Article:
TOKYO — Japan’s parliament approved tougher penalties for criminal defamation Monday in a move prompted by a bullied wrestler’s suicide and that is raising free speech concerns.
Parliamentary deliberations on toughening the defamation law began in January after Hana Kimura took her own life at 22.
Kimura faced bullying and insults on social media in 2020 after appearing on the Netflix show “Terrace House,” about three men and three women temporarily living together at a shared house in Tokyo.
Her death triggered a wave of discussion about anonymous bullying and hateful messages.
Kimura’s mother Kyoko, also a famous professional wrestler, was a driving force behind the legal change. She testified to parliament in April and said she has continuously faced insults and accusations of using her daughter’s name to make money.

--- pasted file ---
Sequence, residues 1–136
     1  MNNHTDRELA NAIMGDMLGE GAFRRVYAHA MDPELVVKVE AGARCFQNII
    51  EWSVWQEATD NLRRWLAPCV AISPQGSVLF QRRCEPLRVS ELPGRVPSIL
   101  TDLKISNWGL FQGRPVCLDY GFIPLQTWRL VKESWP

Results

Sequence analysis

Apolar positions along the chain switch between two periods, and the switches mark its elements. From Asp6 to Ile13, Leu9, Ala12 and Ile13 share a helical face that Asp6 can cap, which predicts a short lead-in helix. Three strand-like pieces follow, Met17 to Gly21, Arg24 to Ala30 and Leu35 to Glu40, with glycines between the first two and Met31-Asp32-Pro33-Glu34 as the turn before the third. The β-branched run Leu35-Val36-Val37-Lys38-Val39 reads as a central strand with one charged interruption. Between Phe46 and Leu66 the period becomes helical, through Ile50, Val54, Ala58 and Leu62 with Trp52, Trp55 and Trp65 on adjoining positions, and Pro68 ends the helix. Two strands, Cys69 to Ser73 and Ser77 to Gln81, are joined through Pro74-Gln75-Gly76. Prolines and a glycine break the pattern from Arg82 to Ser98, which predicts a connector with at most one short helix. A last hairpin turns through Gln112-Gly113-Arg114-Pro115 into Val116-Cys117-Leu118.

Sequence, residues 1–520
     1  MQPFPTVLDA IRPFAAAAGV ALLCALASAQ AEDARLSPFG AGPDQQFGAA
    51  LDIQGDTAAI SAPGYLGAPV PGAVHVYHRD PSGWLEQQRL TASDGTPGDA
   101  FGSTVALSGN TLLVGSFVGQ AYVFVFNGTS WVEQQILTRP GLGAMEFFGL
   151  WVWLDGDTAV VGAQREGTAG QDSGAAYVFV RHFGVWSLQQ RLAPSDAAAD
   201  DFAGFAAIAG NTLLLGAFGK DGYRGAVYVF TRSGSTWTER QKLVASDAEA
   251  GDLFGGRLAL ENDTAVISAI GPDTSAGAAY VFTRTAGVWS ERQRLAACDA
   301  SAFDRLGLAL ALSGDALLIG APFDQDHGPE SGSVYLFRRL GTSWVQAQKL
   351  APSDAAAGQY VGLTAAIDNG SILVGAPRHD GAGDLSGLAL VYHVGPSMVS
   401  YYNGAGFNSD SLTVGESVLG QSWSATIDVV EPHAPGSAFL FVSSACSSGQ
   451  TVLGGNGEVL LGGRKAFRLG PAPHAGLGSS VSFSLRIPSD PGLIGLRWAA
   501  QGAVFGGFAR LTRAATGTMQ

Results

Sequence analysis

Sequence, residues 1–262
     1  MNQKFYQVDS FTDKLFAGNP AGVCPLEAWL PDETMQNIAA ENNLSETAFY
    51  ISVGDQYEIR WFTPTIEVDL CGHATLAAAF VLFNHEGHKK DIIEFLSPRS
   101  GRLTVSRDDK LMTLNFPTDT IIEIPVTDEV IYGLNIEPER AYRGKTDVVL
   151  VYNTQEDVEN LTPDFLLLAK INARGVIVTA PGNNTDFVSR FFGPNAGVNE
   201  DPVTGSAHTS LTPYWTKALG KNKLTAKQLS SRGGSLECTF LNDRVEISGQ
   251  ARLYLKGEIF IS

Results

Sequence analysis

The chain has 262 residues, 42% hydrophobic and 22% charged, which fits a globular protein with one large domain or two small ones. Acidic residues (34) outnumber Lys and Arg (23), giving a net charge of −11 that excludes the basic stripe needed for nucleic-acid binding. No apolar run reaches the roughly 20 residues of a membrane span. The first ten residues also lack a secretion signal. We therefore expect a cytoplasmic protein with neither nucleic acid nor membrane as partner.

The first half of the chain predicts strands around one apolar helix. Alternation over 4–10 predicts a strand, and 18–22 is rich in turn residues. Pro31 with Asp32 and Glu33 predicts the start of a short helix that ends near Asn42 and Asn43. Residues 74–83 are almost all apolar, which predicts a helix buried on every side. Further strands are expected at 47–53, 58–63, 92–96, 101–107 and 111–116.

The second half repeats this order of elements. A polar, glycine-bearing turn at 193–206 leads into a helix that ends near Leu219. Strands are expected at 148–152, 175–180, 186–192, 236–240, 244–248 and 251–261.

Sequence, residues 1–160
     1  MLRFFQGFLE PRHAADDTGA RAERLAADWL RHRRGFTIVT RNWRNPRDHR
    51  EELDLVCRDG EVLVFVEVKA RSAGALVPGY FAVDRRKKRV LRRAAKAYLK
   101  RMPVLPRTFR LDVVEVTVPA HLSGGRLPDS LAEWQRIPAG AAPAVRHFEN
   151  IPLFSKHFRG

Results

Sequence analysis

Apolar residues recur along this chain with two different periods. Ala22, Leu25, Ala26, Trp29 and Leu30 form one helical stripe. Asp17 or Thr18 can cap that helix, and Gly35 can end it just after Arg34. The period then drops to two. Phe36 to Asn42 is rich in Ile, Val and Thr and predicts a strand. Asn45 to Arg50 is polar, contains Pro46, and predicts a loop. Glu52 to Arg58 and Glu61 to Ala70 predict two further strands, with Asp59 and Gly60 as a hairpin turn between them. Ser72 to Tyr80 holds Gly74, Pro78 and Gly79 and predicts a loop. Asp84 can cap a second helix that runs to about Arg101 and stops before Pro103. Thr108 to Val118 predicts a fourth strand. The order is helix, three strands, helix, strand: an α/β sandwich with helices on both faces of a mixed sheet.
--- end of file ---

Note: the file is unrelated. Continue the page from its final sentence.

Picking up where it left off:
The amended law will be formally enacted later this year. It will add a prison term of one year with an option of forced labor, and fines of up to 300,000 yen ($2,220) to convicted violators — a change from only short-term detention and fines of less than 10,000 yen ($74) in the current law.
The legislation was approved by the upper house on Monday after earlier passing in the lower house, the more powerful of Japan’s two-chamber parliament. Due to the free speech concerns, the law is scheduled to be reviewed by outside experts in three years.